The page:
Jill was very much the ‘new girl’ when she became Visit Secretary as she had only just joined the Huntingdon DFAS group. Her introduction to NADFAS was an unusual lecture by Jonathan Hinden on Carmen, during which he played a piano and sang, and from this point Jill was hooked. ‘I realised how little I knew about the arts and I was impressed by the depth of knowledge displayed by Jonathan’ she says. At her first meetings a request was made for a new Visit Secretary and, gamely, she volunteered. Jill explains, ‘I knew it was a role I could do, as for over 20 years I had organised annual summer camps for 20 to 30 sick children. I was attracted by the thought that I could, to some extent, choose where we went and so include a number of places I wanted to visit personally.’ The then Visit Secretary, Elspeth Gibbon, also promised to help her with the first couple of trips.

Her first solo trip was to the New Hall collection of art by women held by Murray Edwards College in Cambridge, which is the largest collection of its kind in the UK, if not in Europe too. The impetus to view the collection was the imminent departure of the curator of the time. ‘The art was amazing,’ Jill says, ‘and it was a salient reminder of what is often on your doorstep and can be easily overlooked. In fact, the DFAS group may be returning for a ‘study day’ with the collection later this year.’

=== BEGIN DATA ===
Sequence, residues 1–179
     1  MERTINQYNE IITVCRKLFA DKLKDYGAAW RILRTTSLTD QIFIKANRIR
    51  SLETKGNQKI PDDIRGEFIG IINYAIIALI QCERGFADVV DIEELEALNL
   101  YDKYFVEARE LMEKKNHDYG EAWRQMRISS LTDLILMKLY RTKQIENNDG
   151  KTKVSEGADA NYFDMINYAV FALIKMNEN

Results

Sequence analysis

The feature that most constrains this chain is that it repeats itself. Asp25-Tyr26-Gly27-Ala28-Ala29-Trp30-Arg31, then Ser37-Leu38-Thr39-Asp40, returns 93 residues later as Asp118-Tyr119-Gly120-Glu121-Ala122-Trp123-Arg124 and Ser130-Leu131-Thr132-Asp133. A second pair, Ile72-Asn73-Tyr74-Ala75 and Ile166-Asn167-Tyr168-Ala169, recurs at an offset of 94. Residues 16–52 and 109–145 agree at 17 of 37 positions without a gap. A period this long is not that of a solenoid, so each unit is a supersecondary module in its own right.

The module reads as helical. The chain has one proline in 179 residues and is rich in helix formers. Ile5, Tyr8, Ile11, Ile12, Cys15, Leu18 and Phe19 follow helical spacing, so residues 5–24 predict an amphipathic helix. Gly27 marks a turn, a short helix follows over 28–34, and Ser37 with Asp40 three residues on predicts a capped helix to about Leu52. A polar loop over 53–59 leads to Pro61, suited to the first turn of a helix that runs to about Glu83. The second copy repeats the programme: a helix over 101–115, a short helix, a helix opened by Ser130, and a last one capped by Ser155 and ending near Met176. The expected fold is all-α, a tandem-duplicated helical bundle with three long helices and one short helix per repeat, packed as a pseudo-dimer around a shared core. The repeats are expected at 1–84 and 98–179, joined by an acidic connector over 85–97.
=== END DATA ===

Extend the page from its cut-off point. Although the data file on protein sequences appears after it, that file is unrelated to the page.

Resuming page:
Of the 250 members of the Huntingdon DFAS, around 70 to 80 regularly support the trip programme, Jill estimates. She mixes local trips with ones further afield as this helps to vary the cost, and she usually books a 52-seater coach and plans on breaking even at 75% occupancy – so around 40 people. The visit programme is planned in advance of each season, and trips are advertised before lectures. Jill adds, ‘Trips that complement lectures and study days with a visit to the relevant collection are well supported, as members enjoy seeing the objects they’ve heard discussed in the lecture.’ One such trip in July 2012 to the Gold: Power and Allure exhibition at Goldsmith’s Hall followed a lecture by curator Helen Clifford.